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If your teen has never driven in snow, it’s hard to describe the experience.
Snow makes every aspect of driving more difficult, whether you’re speeding up, slowing down or just parking. Experienced drivers have a better understanding of these issues, but many new drivers may not anticipate them at all. When we surveyed dozens of teens recently, only a handful even mentioned weather as a road hazard that concerned them.
Yet, for all its risks, teens need to learn to drive safely in harsh winter weather and the best way to do it is to practice. Here are some tips to make this lesson stick like a tongue to a frozen flagpole.
Before your teen gets behind the wheel, talk through the problems snow, sleet and ice can create for drivers. One small mistake can have major consequences in bad weather, so make sure your teen takes these dangers seriously.
Start with some of the common hazards, like losing traction and visibility, before moving onto the risks created by other drivers. You can also share your own stories of driving in the winter and bring your teen along for rides so he or she can learn from you. Once you’re confident in your teen’s skills, you can hand over the steering wheel for some practice.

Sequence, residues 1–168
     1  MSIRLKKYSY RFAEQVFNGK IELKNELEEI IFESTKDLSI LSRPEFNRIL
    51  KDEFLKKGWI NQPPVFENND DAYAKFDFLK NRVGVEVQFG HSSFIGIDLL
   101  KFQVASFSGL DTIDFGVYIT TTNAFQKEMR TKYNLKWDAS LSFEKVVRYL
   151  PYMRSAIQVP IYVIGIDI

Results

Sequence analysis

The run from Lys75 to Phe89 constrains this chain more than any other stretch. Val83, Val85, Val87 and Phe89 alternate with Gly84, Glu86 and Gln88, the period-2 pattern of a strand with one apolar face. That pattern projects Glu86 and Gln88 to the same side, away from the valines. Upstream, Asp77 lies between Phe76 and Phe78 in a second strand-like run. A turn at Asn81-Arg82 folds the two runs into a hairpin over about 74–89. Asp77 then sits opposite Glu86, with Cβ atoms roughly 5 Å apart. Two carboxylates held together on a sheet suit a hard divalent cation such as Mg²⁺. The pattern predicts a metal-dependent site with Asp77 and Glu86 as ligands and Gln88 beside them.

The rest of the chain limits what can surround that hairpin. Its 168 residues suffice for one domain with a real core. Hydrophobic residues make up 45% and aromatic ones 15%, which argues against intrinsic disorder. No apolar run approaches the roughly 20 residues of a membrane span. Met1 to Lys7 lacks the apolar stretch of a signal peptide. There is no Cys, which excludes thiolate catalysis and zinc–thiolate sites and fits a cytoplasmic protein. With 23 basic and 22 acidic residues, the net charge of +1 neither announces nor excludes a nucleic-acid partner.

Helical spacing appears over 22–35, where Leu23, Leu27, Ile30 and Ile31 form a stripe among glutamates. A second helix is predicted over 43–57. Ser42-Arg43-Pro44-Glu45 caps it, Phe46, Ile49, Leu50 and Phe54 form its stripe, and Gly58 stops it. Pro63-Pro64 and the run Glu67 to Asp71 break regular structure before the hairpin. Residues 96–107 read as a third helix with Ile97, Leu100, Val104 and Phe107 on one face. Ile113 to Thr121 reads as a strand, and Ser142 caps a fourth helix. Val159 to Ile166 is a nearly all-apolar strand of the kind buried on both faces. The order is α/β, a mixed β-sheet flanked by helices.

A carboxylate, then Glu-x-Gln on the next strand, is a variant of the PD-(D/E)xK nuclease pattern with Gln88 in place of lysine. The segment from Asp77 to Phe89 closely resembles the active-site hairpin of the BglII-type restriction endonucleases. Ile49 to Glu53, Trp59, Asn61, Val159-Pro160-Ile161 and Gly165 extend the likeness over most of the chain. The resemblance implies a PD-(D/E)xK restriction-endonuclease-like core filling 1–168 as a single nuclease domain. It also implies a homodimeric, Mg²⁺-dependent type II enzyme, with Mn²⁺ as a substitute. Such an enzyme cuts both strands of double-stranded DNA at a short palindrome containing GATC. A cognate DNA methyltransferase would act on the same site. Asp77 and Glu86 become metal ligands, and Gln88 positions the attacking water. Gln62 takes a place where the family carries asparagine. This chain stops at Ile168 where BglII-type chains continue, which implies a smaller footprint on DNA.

Your teen’s first drive in the snow will probably be scary – and that’s okay. When you hit the brakes but the car keeps sliding on ice, it makes you feel powerless. Scary as it is, that feeling is what will really get through to your teen and help him or her understand the risks of winter driving (though it’s also why we recommend having your teen practice in an isolated area).
And while you might be tempted to over-explain some things like how to get out of a skid, be patient. Think of it like parallel parking; your teen will learn much more from trying and failing than from listening to you explain where to move the wheel when. Over time, these skills become instinctual and much more reliable in the moment.
Ultimately, staying safe on winter roads will come down to your teen’s ability to make the right decisions for the conditions. As we said above, snow makes every part of driving more difficult, but it doesn’t make them impossible. What you have to do is help your teen learn to judge the conditions and drive accordingly.
Depending on the situation, this could mean leaving more space between cars, braking earlier than usual or even deciding to stay off the roads entirely. You won’t always be in the vehicle to offer advice so make sure your teen is prepared to make these decisions alone. With enough practice in different scenarios, your new driver will learn to recognize the risks and drive every day like it’s a snow day.
DriveitHOME™ is an initiative of the National Safety Council, designed by and for parents of newly licensed teen drivers. DriveitHOME™ offers free resources parents can use to help their teen build experience to become safer drivers.
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